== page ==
users.bigpond.net.au /hardiehistory/familyhistory/other/johnwitherspoon.htm   (1539 words)

  
 National Park Service - Signers of the Declaration (John Witherspoon)
John Witherspoon, the only active clergyman among the signers, achieved a greater reputation as a religious leader and educator than as a politician.
The son of a Calvinist minister, Witherspoon was born in 1723 at the village of Gifford, near Edinburgh.
Over the years, Witherspoon attained leadership of a group of conservative clergymen who were engaged in a prolonged struggle with a group of their colleagues to maintain the "purity" of orthodox Church doctrine.
www.cr.nps.gov /history/online_books/declaration/bio54.htm   (786 words)

  
 The Works of the Rev. John Witherspoon   (Site not responding. Last check: 2007-11-07)
A son of the Presbyterian manse in Gifford, Scotland, in the rolling hills of East Lothian, John Witherspoon was born on February 5, 1723.
Witherspoon — ever the cleric and wearing his clerical attire while sitting in the Congress (!) — was appointed to more than one hundred short and long-term committees, three of which were of special significance: war, finance, and foreign affairs.
John Witherspoon, ever practical and ever the republican, knew what kind of leaders a new America required, so he singled out ministers, lawyers and public officials for special attention as he instructed his students on how to write and speak.
www.thoemmes.com /american/witherspoon_intro.htm   (10629 words)

  
 JOHNWITHERSPOON
John Witherspoon was born in 1723 in Gifford, a small village near Edinburgh.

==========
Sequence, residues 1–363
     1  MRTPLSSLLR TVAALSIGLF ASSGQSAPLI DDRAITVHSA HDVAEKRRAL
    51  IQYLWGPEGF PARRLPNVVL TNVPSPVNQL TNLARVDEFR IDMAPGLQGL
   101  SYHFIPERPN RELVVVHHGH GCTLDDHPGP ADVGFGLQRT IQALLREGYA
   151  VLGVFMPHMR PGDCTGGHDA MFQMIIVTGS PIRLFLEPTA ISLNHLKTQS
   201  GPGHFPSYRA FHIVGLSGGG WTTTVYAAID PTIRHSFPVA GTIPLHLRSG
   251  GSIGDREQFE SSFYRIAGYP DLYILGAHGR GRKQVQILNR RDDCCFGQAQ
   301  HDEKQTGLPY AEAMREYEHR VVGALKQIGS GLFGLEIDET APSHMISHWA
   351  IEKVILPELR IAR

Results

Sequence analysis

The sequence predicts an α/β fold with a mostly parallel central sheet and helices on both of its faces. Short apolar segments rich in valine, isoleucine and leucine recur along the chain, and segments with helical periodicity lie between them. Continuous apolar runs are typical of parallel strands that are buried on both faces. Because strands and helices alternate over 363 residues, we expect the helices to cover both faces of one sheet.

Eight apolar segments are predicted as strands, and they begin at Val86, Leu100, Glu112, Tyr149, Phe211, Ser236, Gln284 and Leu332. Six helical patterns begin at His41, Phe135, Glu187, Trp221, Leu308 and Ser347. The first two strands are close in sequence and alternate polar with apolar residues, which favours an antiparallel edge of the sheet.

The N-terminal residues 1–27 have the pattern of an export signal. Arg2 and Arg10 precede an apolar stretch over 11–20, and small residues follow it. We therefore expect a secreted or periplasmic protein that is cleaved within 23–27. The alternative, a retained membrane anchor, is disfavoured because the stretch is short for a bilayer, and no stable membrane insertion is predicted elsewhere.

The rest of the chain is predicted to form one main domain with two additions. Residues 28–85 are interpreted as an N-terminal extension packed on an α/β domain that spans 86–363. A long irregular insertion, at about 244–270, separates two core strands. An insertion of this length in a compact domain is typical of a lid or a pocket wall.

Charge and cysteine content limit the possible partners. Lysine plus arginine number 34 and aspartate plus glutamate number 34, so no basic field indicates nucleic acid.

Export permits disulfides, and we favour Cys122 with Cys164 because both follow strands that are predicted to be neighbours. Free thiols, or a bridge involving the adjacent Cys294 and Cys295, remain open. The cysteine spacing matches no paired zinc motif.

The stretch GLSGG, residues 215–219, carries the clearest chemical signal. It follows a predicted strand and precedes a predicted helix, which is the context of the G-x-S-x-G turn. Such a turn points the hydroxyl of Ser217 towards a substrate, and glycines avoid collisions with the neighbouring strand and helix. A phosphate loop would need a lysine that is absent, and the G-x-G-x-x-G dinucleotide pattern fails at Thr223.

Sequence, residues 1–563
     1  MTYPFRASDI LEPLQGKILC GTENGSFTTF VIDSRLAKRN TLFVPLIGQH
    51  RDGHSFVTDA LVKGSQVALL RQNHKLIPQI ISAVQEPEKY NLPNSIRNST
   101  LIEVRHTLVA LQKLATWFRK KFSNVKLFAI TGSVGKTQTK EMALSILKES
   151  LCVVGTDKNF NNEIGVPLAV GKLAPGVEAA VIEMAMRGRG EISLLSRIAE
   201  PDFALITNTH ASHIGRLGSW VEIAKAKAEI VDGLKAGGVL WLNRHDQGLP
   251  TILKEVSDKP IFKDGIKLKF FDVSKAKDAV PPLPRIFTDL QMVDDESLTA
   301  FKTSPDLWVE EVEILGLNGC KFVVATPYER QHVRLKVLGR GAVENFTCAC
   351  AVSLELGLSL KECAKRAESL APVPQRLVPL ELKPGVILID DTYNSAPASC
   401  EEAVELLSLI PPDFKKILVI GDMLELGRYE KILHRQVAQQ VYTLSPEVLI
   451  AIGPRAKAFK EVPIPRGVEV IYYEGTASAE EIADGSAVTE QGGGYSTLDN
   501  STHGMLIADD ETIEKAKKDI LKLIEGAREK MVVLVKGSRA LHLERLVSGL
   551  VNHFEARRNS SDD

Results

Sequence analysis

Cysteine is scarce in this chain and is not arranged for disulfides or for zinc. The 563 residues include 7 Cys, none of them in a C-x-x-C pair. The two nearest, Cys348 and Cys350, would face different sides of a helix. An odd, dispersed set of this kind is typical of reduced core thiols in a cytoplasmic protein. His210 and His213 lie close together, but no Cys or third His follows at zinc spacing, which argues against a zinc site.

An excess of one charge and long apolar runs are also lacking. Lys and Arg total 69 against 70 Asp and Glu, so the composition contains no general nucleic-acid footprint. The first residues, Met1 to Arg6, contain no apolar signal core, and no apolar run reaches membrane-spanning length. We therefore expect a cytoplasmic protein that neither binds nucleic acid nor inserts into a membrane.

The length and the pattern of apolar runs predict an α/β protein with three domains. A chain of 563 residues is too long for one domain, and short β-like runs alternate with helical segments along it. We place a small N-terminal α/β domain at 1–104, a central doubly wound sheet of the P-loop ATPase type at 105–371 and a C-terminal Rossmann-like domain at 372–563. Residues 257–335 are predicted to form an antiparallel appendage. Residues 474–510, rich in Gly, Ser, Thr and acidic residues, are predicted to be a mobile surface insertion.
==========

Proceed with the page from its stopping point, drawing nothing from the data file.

Witherspoon had always hated the British, and he naturally supported the colonies in their struggle.
John Witherspoon died in 1794 at the age of sixty-eight.
www.multied.com /Bio/RevoltBIOS/WitherspoonJohn.html   (160 words)

  
 Famous Scots - - John Witherspoon
Born in Gifford, East Lothian on 5 February, 1723, John Witherspoon was educated at Edinburgh University and was ordained as a minister in 1745.
Witherspoon was soon supporting the independence fight in America because he believed that his native land had "gone soft on religion".
Witherspoon also became a member of the congress which conducted the war and later helped to draft the peace agreement which brought the war to an end.
www.rampantscotland.com /famous/blfamwitherspoon.htm   (437 words)

  
 John Witherspoon: "Animated Son of Liberty"   (Site not responding. Last check: 2007-11-07)
Indeed, Witherspoon and Smith were contemporaries, and in 1776 both would strike an important blow for liberty - Witherspoon with the signing of the Declaration on one side of the Atlantic, and Smith with his publication of the Wealth of Nations on the other.
Witherspoon's activities at Princeton were brought to an abrupt halt by the outbreak of the War for Independence.
Witherspoon understood that religious liberty - man's freedom to own his conscience - was inextricably intertwined with political and economic liberty: "There is not a single instance in history," he wrote, "in which civil liberty was lost, and religious liberty preserved entire.
www.libertyhaven.com /thinkers/johnwitherspoon/johnson.shtml   (2048 words)

  
 PREVIEW: Church, State, and John Witherspoon
Witherspoon was aboard the Good Ship American Argosy as it sailed the uncharted and troubled political seas of independence, and he earned the almost universal admiration of his American contemporaries for the way he did so.
Witherspoon promoted a kind of generalized, nonsectarian Christianity, his emphasis upon practice more than faith, and he sharply criticized sectarian distinctions as detracting from the unity and comity of spirit necessary to the governance and tranquility of a federal republic.
John Adams thought men of the cloth "as dangerous to liberty as the army." Jefferson believed them to be "a very formidable enemy against the civil and religious rights of man." Such views made little difference to Princeton's president.